RTE Nationwide to feature part of Laois town heritage and school students

Express Reporter

Reporter:

Express Reporter

RTE Nationwide to feature part of Laois town heritage and school students

RTE Nationwide cameras were in a Laois town this week to have a close up look at the local stitching which goes back centuries.

Mountmellick embroidery is set to be part of an upcoming Nationwide episode after the RTE cameras filmed some segments in the Mountmellick Museum and Mountmellick Community School.

Some key pieces created by local people and members of the Mountmellick embroidery sewing group will feature on the programme as well as the work of the local Junior Certificate students.

Mountmellick embroidery was developed around 1825 by Johanna Carter, who taught it to a group of about 15 women and girls. It used white cotton thread on white cotton fabric, and predominantly floral motifs.

The plants featured were those that were found around the town of Mountmellick, and included blackberries, oak, fern, dog roses and shamrocks.

The Great Irish Famine (1845-1849) hit the town of Mountmellick very hard. In about 1880, Mrs Millner, a member of the Religious Society of Friends (who were a strong part of the Mountmellick community) started an industrial association to help people within the town.

She employed women to stitch Mountmellick embroidery for sale. Many of these items were sold from the port of Cobh, from where many people embarked on journeys to America.

In the 1970s, Sister Teresa Margaret McCarthy of the Presentation Convent in Mountmellick learned of the embroidery, and collected together examples from around the area in order to study and learn from them. She taught herself the stitches and then began teaching others.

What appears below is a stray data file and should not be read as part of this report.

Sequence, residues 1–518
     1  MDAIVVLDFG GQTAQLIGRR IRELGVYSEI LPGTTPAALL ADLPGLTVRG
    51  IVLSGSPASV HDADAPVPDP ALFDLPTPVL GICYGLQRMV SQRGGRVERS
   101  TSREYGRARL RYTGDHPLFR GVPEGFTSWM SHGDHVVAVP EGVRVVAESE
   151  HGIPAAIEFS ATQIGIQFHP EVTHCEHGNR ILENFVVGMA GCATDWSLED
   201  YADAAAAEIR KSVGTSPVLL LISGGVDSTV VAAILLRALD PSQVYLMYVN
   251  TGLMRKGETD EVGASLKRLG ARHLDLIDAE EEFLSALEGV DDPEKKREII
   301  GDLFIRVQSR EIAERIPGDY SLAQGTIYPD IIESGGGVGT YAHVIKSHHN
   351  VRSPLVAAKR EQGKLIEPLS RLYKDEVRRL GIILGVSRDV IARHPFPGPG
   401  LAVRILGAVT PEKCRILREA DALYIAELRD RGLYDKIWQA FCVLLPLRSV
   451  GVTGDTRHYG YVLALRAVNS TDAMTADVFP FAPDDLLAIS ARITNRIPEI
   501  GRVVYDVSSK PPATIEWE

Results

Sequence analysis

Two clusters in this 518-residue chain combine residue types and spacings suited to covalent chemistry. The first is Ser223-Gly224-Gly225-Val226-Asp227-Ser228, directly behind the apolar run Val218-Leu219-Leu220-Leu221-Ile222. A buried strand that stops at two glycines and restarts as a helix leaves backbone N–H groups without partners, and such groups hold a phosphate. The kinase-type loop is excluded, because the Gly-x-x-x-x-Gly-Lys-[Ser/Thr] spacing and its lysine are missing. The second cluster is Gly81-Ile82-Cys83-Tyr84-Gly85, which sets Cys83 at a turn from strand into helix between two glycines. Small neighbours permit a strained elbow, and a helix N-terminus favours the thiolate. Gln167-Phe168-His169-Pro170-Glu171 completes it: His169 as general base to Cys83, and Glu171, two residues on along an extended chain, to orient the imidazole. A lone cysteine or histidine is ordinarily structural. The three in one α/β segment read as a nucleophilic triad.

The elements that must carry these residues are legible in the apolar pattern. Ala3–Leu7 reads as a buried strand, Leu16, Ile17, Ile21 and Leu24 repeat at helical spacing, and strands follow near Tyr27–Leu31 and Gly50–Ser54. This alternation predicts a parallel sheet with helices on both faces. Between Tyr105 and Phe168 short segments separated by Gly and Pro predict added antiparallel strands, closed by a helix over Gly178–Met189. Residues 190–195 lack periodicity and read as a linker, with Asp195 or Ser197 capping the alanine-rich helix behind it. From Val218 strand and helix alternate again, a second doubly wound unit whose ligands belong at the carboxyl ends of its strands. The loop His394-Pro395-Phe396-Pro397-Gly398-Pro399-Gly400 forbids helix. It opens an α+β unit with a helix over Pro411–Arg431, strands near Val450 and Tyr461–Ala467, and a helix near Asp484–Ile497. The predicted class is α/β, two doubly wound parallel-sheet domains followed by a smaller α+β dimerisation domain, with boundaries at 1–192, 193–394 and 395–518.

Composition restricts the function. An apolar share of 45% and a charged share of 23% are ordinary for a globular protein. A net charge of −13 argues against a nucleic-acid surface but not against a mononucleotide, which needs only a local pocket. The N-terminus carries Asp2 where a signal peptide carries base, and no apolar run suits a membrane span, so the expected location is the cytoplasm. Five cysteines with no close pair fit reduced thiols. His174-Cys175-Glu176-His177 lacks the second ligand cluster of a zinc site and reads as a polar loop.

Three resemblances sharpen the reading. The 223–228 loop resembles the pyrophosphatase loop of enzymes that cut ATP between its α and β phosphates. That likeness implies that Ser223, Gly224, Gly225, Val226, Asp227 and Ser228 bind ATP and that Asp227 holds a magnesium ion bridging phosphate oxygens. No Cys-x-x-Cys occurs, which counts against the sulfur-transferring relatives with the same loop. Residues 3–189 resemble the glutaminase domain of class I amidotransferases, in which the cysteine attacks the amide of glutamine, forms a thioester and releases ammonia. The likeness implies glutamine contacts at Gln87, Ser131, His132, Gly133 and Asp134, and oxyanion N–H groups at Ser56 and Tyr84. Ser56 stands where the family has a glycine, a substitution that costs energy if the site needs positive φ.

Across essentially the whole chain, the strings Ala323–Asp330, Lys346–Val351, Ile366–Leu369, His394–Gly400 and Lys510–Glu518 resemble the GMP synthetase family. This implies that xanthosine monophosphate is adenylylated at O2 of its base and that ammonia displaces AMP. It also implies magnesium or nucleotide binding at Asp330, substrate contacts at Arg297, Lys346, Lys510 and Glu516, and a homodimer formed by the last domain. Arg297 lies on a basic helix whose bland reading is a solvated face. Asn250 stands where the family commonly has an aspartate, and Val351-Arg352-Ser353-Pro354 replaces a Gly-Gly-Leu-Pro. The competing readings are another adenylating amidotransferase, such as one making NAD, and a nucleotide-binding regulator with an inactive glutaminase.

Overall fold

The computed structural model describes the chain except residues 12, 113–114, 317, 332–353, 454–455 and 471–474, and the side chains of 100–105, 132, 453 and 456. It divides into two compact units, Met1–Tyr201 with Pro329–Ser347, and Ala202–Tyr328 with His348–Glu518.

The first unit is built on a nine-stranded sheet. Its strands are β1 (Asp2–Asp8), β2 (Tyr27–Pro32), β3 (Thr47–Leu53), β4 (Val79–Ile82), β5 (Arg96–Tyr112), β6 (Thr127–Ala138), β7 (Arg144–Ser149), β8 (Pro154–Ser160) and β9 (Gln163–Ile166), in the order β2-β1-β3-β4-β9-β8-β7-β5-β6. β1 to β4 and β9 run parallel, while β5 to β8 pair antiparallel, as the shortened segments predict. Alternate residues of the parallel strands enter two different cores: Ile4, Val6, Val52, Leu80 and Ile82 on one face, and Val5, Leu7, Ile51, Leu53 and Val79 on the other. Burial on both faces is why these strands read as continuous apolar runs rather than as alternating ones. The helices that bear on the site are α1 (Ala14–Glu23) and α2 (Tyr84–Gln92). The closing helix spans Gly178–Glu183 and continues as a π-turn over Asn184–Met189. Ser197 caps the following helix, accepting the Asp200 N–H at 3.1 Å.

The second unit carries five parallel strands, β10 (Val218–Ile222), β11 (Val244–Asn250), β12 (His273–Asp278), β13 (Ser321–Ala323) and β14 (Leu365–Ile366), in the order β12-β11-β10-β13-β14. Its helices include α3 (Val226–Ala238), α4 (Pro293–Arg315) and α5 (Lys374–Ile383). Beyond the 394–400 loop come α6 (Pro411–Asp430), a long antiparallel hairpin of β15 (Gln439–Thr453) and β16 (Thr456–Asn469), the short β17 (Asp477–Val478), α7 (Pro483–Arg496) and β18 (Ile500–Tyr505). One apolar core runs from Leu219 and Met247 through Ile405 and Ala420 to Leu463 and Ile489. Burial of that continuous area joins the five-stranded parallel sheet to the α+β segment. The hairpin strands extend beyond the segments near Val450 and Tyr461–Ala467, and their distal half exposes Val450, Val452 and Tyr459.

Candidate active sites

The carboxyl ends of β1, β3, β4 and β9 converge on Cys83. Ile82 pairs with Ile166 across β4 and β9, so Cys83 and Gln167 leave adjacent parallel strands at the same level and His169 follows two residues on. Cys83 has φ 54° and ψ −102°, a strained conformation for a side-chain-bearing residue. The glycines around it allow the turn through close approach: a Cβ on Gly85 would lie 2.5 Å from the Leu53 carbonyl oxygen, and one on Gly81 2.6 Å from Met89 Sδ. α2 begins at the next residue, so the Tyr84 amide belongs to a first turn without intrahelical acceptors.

Yvette Stanton has recreated the original knitted fringe used in historical pieces of Mountmellick embroidery.

Mountmellick embroidery uses predominantly knotted and padded stitches to create beautifully textured whitework embroidery. The work features a characteristic knitted fringe. Other forms of lace, such as crochet or bobbin lace are not authentic trims for Mountmellick work.

The embroidery was usually employed on items of household use such as doilies (toilet mats), nightdress cases, brush and comb bags, bedspreads/coverlets, and tablecloths. Though the work was white, it was so sturdy that it could be easily boiled white again.

Today, Mountmellick embroidery is enjoying a resurgence of popularity around the world.

A museum at the Mountmellick Development Association in Mountmellick has been opened to permanently display articles of Mountmellick embroidery for all to see.

The National Museum of Ireland (Dublin) also has some beautiful examples of the work, as does the Ulster Folk and Transport Museum outside Belfast and the An Grianan Adult Education College at Termonfechin, County Louth.

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